Top 5 Research Advancements in Psoriasis Biology and Therapy
The Dermatology Foundation’s investment in psoriasis researchers and projects is an important part of its history. The clinical observation of the 1980’s that psoriasis responded to the immunosuppression of cyclosporine generated a groundbreaking paradigm shift in our understanding of the pathogenesis of the disease. Psoriasis as a T-cell mediated immunologic disease became a model from which new clinical and therapeutic discoveries evolved. The continued progress introduced by DF-funded investigators was tremendous:
- Kevin Cooper, M.D., received DF funding in 1986 that contributed to the discovery and development of alefacept, an LFA-3 inhibitor of T-cells. It became the first biologic therapy approved for psoriasis in 2003.
- Alice Gottlieb, M.D., Ph.D., studied lymphokine gene expression and sensitivity to cyclosporin in psoriasis with her 1989 DF funding and became a leading investigative dermatologist to develop and test novel immunotherapies in clinical trials that correlated clinical responses with immunologic endpoints. This investigative approach accelerated a new pipeline of biologic therapies for psoriasis and DF-funded investigators contributed to its development.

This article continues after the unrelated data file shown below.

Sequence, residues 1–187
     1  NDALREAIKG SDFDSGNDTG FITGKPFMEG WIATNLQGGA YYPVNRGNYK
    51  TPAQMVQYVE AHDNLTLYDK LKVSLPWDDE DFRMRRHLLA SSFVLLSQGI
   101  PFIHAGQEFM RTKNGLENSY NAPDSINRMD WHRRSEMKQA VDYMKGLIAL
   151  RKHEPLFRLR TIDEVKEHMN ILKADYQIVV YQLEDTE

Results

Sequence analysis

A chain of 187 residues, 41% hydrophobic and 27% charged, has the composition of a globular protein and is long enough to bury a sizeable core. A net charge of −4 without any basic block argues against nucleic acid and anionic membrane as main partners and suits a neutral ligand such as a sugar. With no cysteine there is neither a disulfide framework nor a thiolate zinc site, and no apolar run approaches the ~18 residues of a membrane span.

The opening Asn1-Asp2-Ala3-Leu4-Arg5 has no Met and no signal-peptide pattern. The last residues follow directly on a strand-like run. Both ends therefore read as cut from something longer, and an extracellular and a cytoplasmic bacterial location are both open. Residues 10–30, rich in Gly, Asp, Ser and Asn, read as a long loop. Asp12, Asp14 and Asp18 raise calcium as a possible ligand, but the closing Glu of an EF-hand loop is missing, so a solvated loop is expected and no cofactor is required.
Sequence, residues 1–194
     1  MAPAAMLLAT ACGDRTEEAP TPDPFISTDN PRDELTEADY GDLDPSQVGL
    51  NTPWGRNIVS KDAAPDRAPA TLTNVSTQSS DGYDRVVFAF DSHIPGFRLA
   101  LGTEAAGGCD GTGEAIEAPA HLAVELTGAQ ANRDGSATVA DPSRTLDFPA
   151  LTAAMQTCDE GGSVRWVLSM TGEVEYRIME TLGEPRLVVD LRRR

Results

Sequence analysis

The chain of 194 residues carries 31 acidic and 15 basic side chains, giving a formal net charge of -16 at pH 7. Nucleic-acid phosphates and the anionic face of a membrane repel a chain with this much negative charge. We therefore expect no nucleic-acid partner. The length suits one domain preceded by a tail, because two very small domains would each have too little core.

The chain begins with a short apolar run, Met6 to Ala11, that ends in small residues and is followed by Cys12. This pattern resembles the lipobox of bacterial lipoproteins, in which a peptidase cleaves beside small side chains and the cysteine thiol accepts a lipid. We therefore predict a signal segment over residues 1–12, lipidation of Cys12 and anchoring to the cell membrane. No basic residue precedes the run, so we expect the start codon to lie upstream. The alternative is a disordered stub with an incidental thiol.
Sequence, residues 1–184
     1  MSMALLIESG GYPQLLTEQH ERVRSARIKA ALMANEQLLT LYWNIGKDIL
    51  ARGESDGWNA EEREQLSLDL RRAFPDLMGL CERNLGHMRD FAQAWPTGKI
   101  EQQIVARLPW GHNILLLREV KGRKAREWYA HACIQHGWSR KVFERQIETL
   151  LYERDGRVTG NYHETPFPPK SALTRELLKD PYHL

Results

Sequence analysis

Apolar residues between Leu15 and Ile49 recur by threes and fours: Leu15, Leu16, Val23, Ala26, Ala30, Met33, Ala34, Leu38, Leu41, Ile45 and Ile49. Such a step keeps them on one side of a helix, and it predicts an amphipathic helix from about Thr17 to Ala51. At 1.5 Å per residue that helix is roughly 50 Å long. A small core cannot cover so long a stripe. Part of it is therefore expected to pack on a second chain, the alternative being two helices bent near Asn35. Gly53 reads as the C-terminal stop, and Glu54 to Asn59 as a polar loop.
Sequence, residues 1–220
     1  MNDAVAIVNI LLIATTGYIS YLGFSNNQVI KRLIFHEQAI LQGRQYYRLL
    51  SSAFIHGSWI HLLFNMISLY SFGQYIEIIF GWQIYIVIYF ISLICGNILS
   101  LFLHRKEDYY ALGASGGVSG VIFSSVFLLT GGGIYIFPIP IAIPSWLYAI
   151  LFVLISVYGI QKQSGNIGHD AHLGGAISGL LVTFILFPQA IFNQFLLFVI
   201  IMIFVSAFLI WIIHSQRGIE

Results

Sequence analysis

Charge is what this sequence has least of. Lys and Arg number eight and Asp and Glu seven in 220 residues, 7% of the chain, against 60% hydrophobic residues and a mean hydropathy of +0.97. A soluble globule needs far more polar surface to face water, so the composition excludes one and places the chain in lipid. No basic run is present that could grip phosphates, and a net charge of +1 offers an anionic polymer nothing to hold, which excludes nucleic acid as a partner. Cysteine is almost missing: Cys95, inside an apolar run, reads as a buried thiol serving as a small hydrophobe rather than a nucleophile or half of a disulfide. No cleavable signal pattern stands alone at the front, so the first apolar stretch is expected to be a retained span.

- Wilson J. Liao, M.D., received DF funding in 2007 and studied gene expression profiling of clinical responses to etanercept, the first TNF-alpha inhibitor biologic therapy approved for psoriasis.
- Johann E. Gudjonsson, M.D., Ph.D., received DF funding in 2008 and studied the biological effects of genetic variation in IL-12B and IL-23R genes in psoriasis. This contributed to the approval of the first anti-IL-23 biologic therapy, ustekinumab, for psoriasis in 2009.
- Additionally, the 2008 DF funding of Allen T. Bruce M.D. Ph.D., provided support for his study of the phenotype and function of IL-17-secreting T-cells in psoriasis. IL-17 targeting led to the approval of the third generation of biologic therapies for psoriasis that has included secukinumab (2015), ixekizumab (2016), and brodalumab (2017).
Our understanding of psoriasis biology has not only translated into the groundbreaking therapeutic advances described above. In 2003, Joel Gelfand M.D., MSCE, received DF funding to study the incidence of cancer in psoriasis. His work was the first to describe the association of psoriasis with other co-morbidities and created a new paradigm of psoriasis as a systemic disease. This model was further corroborated when April W. Armstrong, M.D., MPH, received DF funding in 2009 and demonstrated the association of coronary artery disease with psoriasis.
It is clear that the DF has been successful in growing a generation of dermatologists who have served as leaders in clinical investigation, partners with industry, and responsible for driving innovation to advance psoriasis care.
For more information:
Contact the Dermatology Foundation office at 847-328-2256 to discuss partnering with the DF to support the advancement of dermatology.
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